GOP Health Care Proposal, No Place Like Home, and Vancouver Youth Center

Congressional Budget Office slams Republican healthcare proposal. More people lose health insurance than gained it under Affordable Care Act.

The analysis that came out Monday from the CBO confirms the views of healthcare experts and state officials. Moreover, it only covers impacts through 2026. My analysis suggests that over 20 years most states will find it impossible to continue the Medicaid program as the block grant spending cap gets tighter the gap between Medicaid costs and federal funding grows. If that happens, the number who lose insurance could eventually be double the numbers in this estimate.

Nonetheless these numbers are sufficiently large to destroy the illusion that what is being proposed is a legitimate replacement for what is being repealed. Members of Congress of both parties are more interested than ever in understanding how this impacts healthcare providers within their districts.

State legislators are also interested even though there is no pending state issue.

So this is the best time for all of you to familiarize your legislators with your programs, the value that they have in your communities and the consequences of any cuts in funding.

Gov.’s budget IHSS proposal will reduce mental health realignment growth by tens of millions annually growing to hundreds of millions over time

The 1991 realignment law was intended to give physical health, mental health and social services each one third of dedicated state sales tax and vehicle license fee revenues. However, a feature added late in its development provided that the social service share would be determined by caseload and health and mental health would get a larger or smaller share based on whether or not there was caseload growth for social services.

The IHSS program had been a fairly small program at that time, but over the next 20 years it became a $2 billion program – using all of the sales tax growth.  This costs the mental health system about $500 million annually as we went from one third of the total to less than one quarter. The state took the IHSS program back from the counties and ended this pattern several years ago.  However, in implementing the Medicare/Medi-Cal coordinated care initiative, legislation provided that if that program did not result in savings, the IHSS program would go back to the counties.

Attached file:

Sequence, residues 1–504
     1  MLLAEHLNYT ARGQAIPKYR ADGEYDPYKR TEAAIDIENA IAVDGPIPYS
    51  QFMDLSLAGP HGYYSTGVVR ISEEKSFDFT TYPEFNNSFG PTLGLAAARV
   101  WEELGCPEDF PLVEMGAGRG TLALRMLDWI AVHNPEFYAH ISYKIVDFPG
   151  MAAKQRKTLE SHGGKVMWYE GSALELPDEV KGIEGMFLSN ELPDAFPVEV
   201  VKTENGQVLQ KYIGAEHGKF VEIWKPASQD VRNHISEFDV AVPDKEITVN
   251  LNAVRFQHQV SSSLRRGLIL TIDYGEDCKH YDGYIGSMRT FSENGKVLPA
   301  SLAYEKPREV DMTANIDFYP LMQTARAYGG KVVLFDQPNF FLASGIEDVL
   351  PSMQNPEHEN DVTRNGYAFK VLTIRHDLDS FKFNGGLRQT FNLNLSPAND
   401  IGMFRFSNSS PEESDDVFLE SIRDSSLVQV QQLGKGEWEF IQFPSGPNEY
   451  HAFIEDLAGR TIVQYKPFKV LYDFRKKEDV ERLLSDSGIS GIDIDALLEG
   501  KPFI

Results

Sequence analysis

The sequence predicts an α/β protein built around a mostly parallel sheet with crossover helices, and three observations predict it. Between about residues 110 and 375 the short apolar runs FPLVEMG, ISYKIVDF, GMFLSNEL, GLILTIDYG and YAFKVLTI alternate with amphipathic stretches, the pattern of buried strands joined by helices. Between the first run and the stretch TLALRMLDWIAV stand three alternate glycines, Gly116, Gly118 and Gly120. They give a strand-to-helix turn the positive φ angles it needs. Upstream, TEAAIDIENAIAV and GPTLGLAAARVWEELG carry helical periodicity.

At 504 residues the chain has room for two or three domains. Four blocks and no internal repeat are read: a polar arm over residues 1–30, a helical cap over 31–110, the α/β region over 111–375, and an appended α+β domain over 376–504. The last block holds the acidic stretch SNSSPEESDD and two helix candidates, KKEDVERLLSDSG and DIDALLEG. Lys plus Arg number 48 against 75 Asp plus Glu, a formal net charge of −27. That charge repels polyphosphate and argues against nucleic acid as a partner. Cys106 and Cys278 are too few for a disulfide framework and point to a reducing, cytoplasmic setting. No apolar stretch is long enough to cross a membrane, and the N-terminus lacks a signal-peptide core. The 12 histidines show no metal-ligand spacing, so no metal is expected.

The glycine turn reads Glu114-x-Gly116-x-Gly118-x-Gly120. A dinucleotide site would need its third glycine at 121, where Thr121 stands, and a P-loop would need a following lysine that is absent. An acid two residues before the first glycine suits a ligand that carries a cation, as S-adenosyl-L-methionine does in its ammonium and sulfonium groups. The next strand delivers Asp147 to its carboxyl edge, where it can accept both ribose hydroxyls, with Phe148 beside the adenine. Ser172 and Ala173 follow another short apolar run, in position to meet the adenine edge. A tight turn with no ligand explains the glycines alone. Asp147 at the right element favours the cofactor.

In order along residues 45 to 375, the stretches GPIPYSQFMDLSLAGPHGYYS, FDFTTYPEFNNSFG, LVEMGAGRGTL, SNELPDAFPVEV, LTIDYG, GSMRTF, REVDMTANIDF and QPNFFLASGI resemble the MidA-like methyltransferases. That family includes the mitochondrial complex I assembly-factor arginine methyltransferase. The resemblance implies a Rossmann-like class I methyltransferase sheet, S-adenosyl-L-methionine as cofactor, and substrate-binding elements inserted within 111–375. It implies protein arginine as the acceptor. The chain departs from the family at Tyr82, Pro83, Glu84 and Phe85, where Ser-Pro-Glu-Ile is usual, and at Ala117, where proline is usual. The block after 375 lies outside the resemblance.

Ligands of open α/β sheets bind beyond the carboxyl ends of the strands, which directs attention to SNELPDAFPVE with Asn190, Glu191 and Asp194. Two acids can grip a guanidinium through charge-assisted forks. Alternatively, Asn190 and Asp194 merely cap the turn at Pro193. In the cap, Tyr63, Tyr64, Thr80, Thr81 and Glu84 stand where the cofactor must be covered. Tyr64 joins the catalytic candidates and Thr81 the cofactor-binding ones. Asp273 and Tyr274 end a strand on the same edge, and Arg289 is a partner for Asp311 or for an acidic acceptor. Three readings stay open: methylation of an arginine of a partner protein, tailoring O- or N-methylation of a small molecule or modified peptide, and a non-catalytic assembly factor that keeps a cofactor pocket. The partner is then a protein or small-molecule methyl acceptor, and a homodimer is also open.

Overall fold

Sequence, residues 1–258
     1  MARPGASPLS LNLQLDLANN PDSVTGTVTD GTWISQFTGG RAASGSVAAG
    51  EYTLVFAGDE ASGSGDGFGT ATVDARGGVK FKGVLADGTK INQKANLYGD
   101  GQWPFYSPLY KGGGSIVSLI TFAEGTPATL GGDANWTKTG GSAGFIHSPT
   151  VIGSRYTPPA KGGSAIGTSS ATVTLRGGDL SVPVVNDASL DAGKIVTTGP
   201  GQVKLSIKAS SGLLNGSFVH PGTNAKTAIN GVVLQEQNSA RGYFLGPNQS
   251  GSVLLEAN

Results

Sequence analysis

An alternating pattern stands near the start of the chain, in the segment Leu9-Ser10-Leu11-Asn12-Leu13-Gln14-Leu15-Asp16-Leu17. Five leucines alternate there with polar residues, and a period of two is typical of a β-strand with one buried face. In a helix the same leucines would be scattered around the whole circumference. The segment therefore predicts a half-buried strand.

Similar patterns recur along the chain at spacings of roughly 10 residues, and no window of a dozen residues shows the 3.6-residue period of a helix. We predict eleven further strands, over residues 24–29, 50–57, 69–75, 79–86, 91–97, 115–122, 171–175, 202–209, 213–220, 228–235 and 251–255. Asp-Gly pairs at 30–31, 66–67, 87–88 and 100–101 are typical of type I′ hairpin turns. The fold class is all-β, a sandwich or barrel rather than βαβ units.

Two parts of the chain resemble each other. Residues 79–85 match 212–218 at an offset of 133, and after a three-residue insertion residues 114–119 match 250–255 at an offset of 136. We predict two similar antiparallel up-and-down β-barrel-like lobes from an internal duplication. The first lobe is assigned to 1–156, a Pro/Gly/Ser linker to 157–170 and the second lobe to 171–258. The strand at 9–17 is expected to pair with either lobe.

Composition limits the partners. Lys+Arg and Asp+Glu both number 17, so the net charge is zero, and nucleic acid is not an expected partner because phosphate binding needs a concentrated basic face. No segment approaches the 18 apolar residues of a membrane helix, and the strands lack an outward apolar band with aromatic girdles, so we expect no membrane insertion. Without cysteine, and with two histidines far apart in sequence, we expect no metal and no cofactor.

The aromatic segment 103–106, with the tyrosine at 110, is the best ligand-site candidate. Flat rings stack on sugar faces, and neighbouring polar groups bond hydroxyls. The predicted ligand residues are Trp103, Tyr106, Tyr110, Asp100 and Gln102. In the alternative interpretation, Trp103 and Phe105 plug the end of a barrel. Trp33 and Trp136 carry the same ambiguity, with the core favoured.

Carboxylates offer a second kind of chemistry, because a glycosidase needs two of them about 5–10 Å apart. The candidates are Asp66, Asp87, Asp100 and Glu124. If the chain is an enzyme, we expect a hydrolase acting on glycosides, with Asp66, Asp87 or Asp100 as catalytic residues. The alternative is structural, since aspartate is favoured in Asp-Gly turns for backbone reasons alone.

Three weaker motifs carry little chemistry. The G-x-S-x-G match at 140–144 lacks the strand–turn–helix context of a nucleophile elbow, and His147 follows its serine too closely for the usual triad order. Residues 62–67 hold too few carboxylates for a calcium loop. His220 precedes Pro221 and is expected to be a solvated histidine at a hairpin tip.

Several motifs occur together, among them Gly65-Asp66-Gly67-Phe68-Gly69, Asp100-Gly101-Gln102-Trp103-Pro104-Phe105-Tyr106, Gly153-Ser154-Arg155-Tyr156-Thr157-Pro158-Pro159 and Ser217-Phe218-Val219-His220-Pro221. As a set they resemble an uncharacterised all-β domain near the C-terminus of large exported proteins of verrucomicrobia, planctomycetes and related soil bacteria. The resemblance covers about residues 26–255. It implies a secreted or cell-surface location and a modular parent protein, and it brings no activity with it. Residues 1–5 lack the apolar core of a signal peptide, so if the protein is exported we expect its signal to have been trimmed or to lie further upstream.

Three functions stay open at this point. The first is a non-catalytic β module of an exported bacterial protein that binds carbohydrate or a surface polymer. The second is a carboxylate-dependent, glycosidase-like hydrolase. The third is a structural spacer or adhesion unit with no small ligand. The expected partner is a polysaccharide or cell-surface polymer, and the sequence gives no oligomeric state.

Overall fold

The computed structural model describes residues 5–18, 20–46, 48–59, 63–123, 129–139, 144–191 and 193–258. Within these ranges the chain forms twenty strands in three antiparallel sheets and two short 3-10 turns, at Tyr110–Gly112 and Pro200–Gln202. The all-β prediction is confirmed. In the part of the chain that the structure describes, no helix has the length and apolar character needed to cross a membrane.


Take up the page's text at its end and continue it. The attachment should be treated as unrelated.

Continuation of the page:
The impact on County mental health is estimated at $25 million for the first year, and the loss will grow every year unless the legislature acts to stop this proposal from going into effect.

Proposition 64 marijuana legalization funding for substance use disorder services likely delayed until 2019

Last month the Department of Health care services announced and then canceled a stakeholder advisory committee meeting regarding this significant new substance use disorder funding opportunity.  We have learned that the reason for the cancellation is that other state agencies do not want this funding to even be discussed until all of the complicated regulatory issues regarding the sale of marijuana are resolved. They expect that to take all of 2017. That means the stakeholder process will begin until 2018. That likely means that funding won’t be available until 2019.

2019 is a significant delay because we will have a new governor inaugurated in January of that year which could lead to delays in putting in place key officials to lead state departments and set policy priorities.

It is too early to know exactly what the time frames will be. But it is clear that there no longer is a sense of urgency of getting our policy priorities before state officials and the legislature.

No Place Like Home advisory committee begins meeting March 23- schedule of implementation presented